Ballistic Effects of Altitude, Temperature, and Humidity
By: Daniel Lilja
At a match recently I overheard another competitor comment that the wind seemed to be blowing the bullets more than usual that day. He suggested that the humidity level must be high, that the air was “heavy”. I know that there have been days when it seemed to me that a little change in the wind caused a big change in the impact point of the bullet. Too often I noticed it on the record portion of my target. On other occasions I have fired a shot, only to look up and see that the wind flags were not in the position I thought they were when I pulled the trigger. Much to my delight though, when I looked through my scope the bullet went into the group.
The question then is, can changes in humidity or temperature or barometric pressure have an effect on the amount of bullet drift caused by the wind? The answer is yes. The measure of these three atmospheric conditions is known as relative air density.
How well a bullet will perform in the air is indicated by its ballistic coefficient and initial velocity. A typical 6mm, 68 grain bullet made on an .825″ length jacket with a 7 caliber tangent ogive has a ballistic coefficient of about .265.
Usually ballistic coefficients are based on the “Standard Metro” sea level atmosphere. This atmosphere has a barometric pressure level of 29.53″, a temperature of 59 degrees F. and the humidity is 78 percent. There is also another recognized standard atmosphere referred to as the “ICAO” International Civil Aviation Organization standard atmosphere. It also is at sea level but the barometric pressure level is 29.92″, the temperature is also 59 degrees and the humidity level is zero percent. As mentioned above though, most ballistic data is based on “Standard Metro”.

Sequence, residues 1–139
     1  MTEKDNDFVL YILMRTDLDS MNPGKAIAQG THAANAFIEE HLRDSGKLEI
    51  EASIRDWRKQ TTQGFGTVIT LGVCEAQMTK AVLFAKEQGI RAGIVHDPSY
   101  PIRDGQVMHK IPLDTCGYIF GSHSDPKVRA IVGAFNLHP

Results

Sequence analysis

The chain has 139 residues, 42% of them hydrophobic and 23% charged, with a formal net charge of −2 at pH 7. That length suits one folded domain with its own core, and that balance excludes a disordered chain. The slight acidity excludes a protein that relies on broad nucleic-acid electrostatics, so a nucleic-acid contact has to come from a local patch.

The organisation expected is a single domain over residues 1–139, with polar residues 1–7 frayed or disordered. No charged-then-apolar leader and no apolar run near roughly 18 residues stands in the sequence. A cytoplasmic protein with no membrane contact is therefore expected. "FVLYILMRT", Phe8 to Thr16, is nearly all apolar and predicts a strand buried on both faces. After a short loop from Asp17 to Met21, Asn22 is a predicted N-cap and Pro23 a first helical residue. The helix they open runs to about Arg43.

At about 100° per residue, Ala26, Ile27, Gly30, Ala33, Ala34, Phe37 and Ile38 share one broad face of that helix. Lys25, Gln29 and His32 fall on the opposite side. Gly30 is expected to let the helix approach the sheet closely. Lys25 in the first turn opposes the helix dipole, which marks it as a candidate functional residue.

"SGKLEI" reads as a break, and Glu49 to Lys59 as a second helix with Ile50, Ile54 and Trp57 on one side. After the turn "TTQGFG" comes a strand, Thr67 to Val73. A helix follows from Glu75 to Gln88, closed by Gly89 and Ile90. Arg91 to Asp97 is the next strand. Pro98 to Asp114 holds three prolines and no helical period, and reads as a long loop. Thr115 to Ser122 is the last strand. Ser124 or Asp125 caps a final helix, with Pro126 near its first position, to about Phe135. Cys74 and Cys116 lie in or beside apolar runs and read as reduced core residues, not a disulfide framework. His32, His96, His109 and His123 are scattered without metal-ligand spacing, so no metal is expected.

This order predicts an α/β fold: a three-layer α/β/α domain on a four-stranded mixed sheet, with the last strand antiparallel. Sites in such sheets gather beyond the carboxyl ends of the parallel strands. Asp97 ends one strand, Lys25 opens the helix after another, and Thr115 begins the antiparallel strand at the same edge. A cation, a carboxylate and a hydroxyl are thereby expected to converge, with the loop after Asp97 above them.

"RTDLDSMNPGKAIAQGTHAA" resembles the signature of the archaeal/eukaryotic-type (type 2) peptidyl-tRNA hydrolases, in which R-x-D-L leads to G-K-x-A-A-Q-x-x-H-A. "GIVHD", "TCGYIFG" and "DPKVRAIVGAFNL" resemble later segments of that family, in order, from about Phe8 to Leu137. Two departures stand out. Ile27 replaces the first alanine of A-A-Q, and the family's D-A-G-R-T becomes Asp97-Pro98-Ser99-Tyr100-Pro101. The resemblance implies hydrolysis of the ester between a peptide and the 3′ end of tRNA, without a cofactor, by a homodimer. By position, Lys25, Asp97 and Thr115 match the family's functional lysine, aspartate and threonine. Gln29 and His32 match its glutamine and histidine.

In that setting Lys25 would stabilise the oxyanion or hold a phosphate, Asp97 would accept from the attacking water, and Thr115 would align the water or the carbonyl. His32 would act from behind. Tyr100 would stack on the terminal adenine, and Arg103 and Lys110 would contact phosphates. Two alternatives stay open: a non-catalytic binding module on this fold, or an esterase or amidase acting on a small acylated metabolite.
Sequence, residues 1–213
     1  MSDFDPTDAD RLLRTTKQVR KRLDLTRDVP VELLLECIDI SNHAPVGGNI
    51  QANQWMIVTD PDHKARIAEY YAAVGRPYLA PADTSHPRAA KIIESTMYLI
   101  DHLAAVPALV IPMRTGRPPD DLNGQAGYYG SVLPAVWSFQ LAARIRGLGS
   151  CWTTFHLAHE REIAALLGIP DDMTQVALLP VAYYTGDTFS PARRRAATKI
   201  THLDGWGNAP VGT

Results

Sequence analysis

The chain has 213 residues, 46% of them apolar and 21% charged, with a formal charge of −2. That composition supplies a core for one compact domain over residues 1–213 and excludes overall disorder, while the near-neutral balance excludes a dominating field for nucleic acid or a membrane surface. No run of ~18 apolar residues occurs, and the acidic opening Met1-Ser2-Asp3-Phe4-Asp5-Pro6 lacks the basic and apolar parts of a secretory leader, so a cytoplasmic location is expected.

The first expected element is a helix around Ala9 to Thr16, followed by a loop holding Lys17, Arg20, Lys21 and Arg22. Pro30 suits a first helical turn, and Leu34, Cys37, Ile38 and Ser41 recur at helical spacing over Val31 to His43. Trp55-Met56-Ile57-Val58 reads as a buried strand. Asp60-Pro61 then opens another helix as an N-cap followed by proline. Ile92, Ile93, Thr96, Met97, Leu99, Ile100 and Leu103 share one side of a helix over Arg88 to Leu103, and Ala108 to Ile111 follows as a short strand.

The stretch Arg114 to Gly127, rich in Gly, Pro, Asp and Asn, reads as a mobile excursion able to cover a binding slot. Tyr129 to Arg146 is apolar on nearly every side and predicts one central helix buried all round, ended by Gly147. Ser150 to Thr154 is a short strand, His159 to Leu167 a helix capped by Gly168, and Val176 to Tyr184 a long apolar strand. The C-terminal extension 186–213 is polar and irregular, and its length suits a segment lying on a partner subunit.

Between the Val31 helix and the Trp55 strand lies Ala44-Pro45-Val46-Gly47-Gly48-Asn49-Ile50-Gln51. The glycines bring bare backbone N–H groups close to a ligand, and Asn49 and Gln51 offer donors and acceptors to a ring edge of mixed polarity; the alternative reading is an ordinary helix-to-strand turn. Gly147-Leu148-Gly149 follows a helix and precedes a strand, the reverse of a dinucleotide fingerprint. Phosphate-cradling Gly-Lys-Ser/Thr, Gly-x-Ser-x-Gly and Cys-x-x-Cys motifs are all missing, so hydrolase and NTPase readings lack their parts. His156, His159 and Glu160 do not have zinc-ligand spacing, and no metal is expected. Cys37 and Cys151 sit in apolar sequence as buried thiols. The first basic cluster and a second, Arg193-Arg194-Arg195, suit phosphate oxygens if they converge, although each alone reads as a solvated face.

If any of the above components of air density are changed, the density and relative speed of sound will change as well. Fortunately we can simulate these changes and the resultant change in down range ballistics, by using a modified ballistic coefficient for the particular bullet.
For example a bullet with a ballistic coefficient of .265 could perform as though it had a ballistic coefficient higher than .265 under certain atmospheric conditions. That would mean that it would shoot flatter and be affected less by the wind.
Often this is exactly the case. When the temperature is above the standard of 59 degrees and the other conditions remain the same, the air density decreases. The same is true if the barometric pressure decreases or the elevation increases. We will get into more on barometric pressure and elevation later.
Contrary to popular opinion, an increase in the humidity level actually decreases the air density. That sticky, humid air is not really “heavy” air after all. Hard to believe? It is true and the reason is that the molecular weight of dry air is greater than that of water. This information can be found in the CRC HANDBOOK OF CHEMISTRY AND PHYSICS. The book is not hard to find, my small town library has it. There is also a brief explanation of this in the exterior ballistics section of the third edition of the Sierra reloading manual. As we will see later though, of all the air density components, a change in the humidity level has the least effect.